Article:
I’m not sure this is the whole answer and it doesn’t seem intuitively sensible tax policy but I found this at https://www.taxtips.ca/personaltax/attribution-rules-re-gifts-transfers-loans-to-spouse-or-related-minor-child.htm :
“When pension splitting is done on a tax return, it is likely that the lower income spouse will have a refund of the income tax deduction that is also split in relation to the pension. S. 153(2) of the Income Tax Act states that the tax withheld in relation to the split-pension amount is deemed to have been deducted or withheld on account of the pension transferee’s tax and not on account of the pensioner’s tax. Thus, the tax refund will not be subject to attribution.”
So it seems the full $15K doesn’t become available for investing in the spouse’s name: Only the withholding tax on that amount.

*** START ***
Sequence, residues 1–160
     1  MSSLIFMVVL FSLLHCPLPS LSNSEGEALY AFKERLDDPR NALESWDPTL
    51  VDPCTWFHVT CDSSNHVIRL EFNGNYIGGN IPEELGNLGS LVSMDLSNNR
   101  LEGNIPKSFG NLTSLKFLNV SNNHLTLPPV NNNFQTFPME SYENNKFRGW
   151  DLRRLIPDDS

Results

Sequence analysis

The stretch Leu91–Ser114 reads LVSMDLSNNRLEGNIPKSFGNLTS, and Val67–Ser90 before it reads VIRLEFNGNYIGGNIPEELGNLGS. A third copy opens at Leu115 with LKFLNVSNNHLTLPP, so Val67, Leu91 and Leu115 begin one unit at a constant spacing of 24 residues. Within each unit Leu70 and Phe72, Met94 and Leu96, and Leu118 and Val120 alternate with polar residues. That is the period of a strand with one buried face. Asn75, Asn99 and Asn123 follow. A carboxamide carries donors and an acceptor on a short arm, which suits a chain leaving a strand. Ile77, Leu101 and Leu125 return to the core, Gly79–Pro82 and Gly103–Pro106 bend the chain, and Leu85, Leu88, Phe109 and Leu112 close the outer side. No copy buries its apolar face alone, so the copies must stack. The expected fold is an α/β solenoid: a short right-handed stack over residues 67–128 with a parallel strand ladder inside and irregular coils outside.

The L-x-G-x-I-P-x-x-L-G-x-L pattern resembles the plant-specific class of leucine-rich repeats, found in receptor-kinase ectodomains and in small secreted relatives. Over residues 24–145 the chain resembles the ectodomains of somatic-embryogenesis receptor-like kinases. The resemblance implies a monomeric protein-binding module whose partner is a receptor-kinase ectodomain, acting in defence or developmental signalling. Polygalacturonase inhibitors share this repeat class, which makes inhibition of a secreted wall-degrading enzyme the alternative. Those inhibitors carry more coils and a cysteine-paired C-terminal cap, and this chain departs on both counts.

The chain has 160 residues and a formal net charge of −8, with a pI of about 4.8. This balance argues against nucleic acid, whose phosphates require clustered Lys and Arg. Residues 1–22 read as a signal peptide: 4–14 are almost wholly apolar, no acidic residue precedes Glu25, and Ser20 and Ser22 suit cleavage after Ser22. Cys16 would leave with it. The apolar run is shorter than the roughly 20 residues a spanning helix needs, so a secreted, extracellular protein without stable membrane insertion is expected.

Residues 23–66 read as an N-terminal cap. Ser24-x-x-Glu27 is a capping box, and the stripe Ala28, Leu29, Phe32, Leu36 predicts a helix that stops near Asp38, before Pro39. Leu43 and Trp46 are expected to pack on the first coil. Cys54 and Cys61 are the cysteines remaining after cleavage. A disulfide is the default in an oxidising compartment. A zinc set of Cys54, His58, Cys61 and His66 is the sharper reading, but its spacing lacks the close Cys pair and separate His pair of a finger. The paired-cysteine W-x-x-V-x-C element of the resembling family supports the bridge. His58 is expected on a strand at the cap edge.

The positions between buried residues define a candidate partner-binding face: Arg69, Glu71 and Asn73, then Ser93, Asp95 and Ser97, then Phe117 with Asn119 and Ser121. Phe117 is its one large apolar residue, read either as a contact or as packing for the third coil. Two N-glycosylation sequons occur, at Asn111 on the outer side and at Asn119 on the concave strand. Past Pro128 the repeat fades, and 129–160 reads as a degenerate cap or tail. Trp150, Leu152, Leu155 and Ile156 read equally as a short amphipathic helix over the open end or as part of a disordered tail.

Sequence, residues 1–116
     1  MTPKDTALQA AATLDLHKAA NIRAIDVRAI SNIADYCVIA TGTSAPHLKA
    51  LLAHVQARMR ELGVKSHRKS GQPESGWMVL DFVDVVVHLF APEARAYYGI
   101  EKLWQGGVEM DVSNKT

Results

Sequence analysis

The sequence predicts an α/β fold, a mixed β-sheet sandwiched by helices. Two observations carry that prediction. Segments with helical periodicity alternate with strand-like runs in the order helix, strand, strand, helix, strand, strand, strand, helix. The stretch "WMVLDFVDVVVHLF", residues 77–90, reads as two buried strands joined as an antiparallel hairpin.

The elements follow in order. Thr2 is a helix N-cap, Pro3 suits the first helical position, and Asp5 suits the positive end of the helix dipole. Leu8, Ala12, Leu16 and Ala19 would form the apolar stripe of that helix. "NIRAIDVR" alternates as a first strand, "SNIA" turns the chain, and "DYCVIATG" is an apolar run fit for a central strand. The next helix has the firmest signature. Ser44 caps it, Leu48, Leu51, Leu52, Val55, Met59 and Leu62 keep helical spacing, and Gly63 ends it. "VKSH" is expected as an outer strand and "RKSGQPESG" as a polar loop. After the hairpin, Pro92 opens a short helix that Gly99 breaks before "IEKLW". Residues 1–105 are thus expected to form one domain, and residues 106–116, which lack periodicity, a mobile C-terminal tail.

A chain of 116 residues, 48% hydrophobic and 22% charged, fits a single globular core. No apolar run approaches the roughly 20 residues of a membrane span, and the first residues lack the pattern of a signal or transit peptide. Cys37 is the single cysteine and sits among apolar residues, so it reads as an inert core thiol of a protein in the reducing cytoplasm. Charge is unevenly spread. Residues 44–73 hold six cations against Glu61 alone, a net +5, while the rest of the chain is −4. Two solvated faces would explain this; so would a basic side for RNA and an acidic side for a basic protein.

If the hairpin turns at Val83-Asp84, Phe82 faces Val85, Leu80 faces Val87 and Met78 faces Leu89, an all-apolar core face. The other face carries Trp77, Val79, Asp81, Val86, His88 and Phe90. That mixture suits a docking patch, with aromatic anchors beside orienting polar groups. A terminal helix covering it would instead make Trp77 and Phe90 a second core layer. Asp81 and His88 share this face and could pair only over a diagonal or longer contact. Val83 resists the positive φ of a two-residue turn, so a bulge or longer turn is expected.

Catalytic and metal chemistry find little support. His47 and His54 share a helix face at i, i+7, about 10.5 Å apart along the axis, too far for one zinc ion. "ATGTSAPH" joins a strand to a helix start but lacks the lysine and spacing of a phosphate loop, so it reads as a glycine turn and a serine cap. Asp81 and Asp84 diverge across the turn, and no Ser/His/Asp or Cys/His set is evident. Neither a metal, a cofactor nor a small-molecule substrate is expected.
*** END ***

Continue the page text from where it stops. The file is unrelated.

I am 66 and am receiving income from a RRIF and a LIF. My wife is 60 and is semi-retired. May I split some of RRIF and LIF income with her even though she is not 65.
My Wife and i have been married 59 years and have not been applying any income splitting of CPP can i do a tax adjustment to CRA and if so how far can i go back in years can i adjust?
Hi Steve – No, you can’t do a tax adjustment with CRA to share CPP income. You have to apply to Service Canada for CPP pension-sharing and there is no retroactivity to this provision.
I understand that CPP (Credit) Splitting is non-reversible, i.e. An ex-wife takes the split, upon her passing, what she was receiving as a result of the split, does _not_ return to me. Is this indeed the case? Which, again, I understand this to be different from CPP Pension Sharing.
Hi Scott – You are correct on both points. CPP credit-splitting is permanent and is not reversed if one ex-spouse dies, and CPP pension-sharing is temporary and will end automatically if one spouse dies.